Developer: Space Slug Studios
Release Date: June 17, 2021
Yet another title I didn’t come anywhere close to putting a full hour into, but I knew just minutes into the game that this one was very much Not For Me.
Writing the store descriptions for a game where the mystery is the draw must be a nightmare. You want to be truthful, so that your players don’t feel like they were drawn in under false pretenses, but you also want to make sure that when the game reveals its secrets, it’s impactful. It’s not a job I would want to do.
Welcome to Lakewood is a horror adventure game where the description is … sort of accurate. You do indeed go to a small town where people have been going missing, you do talk to people, and you may even find a clue or two, depending on how much you like clicking on random stuff.
It’s possible that someone who “got it” in a way I did not would manage to solve the case, but I didn’t have it in me. The protagonist died in Lakewood without really knowing very much at all. I wasn’t sure if I clicked retry if it would start me at the beginning of the scene or the beginning of the game, but I declined to continue this experience either way.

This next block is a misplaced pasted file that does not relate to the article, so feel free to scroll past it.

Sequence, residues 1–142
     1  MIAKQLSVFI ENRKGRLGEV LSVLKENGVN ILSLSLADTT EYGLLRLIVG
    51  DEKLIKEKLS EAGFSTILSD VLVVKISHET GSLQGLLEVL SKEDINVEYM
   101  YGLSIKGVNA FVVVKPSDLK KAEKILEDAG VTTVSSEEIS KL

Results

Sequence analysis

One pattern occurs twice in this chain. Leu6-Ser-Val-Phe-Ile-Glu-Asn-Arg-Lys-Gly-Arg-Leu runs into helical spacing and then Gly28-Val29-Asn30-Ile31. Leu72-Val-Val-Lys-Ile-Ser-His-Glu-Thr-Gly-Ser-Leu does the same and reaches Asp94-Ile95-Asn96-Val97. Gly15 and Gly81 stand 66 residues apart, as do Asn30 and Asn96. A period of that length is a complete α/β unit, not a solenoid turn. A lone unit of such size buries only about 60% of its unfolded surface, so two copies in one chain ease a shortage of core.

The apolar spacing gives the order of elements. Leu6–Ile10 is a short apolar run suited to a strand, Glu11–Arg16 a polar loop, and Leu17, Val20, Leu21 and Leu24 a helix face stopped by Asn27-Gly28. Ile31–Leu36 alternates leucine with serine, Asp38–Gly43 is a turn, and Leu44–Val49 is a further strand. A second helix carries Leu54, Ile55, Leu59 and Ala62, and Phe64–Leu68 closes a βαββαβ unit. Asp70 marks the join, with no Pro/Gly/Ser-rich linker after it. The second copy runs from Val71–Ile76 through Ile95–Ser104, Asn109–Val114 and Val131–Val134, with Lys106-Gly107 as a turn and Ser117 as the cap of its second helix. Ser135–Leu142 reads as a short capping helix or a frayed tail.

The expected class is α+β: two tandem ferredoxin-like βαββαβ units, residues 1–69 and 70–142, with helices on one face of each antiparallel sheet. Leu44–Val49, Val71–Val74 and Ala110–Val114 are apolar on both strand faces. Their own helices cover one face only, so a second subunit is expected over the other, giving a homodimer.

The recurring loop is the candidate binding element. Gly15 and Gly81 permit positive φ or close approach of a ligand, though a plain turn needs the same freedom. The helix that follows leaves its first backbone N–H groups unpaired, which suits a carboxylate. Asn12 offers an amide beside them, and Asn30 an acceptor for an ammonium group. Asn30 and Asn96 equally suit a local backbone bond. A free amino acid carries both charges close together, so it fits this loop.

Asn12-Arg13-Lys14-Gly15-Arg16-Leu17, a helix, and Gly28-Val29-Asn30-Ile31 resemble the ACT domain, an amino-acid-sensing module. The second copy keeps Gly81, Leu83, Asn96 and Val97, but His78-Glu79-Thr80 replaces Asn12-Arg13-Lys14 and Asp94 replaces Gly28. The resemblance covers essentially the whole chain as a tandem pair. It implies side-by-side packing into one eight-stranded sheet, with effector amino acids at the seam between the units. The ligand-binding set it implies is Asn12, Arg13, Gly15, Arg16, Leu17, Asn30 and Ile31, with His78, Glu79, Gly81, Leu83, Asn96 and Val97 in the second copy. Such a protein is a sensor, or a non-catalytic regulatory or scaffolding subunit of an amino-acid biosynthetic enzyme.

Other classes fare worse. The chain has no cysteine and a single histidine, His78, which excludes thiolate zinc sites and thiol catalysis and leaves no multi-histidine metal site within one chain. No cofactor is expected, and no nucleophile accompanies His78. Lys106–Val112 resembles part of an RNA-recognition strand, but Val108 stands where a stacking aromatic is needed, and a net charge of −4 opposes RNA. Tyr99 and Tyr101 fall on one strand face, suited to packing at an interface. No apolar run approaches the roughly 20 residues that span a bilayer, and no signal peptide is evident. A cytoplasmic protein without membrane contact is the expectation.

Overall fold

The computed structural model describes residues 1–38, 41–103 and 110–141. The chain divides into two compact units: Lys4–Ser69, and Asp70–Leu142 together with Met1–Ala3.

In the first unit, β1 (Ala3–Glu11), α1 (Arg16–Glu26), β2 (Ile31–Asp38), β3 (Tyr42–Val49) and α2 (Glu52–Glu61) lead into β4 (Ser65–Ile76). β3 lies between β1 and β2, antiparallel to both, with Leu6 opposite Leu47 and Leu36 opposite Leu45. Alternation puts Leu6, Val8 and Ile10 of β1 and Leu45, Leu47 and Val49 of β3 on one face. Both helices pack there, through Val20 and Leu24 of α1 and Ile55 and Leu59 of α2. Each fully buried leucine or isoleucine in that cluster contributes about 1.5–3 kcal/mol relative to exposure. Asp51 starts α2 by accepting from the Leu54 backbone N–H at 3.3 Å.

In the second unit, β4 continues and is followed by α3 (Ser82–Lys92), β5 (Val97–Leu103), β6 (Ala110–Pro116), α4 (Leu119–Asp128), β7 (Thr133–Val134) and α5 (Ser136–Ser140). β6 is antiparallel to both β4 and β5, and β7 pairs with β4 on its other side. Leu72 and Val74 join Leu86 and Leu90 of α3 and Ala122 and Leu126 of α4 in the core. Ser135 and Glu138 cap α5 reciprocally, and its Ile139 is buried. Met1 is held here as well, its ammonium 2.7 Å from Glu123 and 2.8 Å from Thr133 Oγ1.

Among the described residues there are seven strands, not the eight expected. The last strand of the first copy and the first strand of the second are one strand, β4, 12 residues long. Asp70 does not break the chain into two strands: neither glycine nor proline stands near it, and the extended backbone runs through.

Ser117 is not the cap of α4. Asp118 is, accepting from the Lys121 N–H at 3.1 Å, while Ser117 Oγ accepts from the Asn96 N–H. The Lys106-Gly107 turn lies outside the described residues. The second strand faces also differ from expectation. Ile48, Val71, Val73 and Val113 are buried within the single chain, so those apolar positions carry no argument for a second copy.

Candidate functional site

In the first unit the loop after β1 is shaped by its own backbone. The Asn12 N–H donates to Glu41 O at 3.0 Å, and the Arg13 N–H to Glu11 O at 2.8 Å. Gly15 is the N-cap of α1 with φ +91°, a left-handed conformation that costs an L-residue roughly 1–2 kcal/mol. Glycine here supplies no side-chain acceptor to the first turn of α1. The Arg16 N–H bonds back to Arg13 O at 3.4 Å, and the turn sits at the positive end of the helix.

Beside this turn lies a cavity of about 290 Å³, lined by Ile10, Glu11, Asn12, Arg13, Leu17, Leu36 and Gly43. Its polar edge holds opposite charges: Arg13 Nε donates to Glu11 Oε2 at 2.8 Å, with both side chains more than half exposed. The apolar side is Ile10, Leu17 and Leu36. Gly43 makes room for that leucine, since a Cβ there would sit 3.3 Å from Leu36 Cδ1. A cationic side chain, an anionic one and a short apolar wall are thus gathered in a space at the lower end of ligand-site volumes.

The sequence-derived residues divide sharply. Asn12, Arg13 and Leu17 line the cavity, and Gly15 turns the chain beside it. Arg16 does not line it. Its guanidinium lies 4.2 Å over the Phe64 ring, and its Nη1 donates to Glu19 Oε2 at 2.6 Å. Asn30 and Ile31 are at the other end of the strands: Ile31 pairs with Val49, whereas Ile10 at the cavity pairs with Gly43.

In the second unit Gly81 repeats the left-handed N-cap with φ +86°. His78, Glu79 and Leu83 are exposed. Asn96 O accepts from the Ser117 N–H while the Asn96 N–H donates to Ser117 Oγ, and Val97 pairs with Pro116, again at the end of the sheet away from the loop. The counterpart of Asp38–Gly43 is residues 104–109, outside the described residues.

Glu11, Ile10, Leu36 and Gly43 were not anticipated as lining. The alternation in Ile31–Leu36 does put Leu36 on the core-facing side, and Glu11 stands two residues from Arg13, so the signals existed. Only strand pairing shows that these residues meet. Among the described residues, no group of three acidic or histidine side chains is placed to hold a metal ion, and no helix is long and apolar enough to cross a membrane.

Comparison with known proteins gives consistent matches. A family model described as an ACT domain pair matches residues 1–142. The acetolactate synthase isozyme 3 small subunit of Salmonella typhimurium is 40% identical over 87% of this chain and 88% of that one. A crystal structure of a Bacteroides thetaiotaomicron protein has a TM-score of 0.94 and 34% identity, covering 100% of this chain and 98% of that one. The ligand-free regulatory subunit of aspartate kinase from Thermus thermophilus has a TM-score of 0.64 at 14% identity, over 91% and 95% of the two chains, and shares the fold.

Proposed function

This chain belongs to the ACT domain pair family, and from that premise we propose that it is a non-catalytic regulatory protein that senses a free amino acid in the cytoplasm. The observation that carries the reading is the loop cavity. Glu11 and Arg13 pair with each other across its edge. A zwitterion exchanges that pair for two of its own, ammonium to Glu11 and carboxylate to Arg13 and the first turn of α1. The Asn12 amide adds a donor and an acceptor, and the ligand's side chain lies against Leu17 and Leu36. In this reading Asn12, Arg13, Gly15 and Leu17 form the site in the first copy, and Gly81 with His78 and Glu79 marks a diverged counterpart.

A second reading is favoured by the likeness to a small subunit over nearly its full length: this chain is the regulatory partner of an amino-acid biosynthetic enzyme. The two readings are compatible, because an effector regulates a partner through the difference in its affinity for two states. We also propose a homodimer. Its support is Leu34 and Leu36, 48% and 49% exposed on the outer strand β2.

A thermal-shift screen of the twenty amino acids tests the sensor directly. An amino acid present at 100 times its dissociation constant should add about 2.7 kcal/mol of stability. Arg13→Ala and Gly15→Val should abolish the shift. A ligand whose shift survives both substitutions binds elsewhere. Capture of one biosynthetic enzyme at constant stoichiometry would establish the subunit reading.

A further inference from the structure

Welcome to Lakewood almost felt more like a proof of concept than a real game. Early on, you have to navigate through the woods, and tall trees and tiny branches are equally effective in blocking your path. Sure, it’s dark and creepy, but it was also illogical that you couldn’t step over a small bush or push through some tree branches. It was in a similar circumstance where I couldn’t navigate what looked like completely passable terrain that led to my untimely demise.
The conversations you have with people while investigating are not particularly interesting or enlightening, and neither is the town itself. I’m actually not sure why people travel to Lakewood in the first place – there’s not much of anything there, and it doesn’t even really appear to be on the way to anywhere, at least not according the rudimentary map you have. How many people are really heading to a town that only has a service station, a motel, and a bar cleverly named “BAR”?
While I couldn’t manage to suspend my disbelief for a hot minute, and I did not enjoy my time in Lakewood, there are some really clever moments here. They just don’t combine smoothly into a great investigative experience. As a pure horror game, Welcome to Lakewood might pass, but if you’re looking for a great mystery story, it’s probably better to pass on this one.
SteamDB estimates that Welcome to Lakewood has sold somewhere between 200 and 500 copies on Steam. It’s good a decent ratio of good reviews to bad, but there’s a few that are a little hard to take too seriously. It is ranked 6617 out of 10,967 games released in 2021.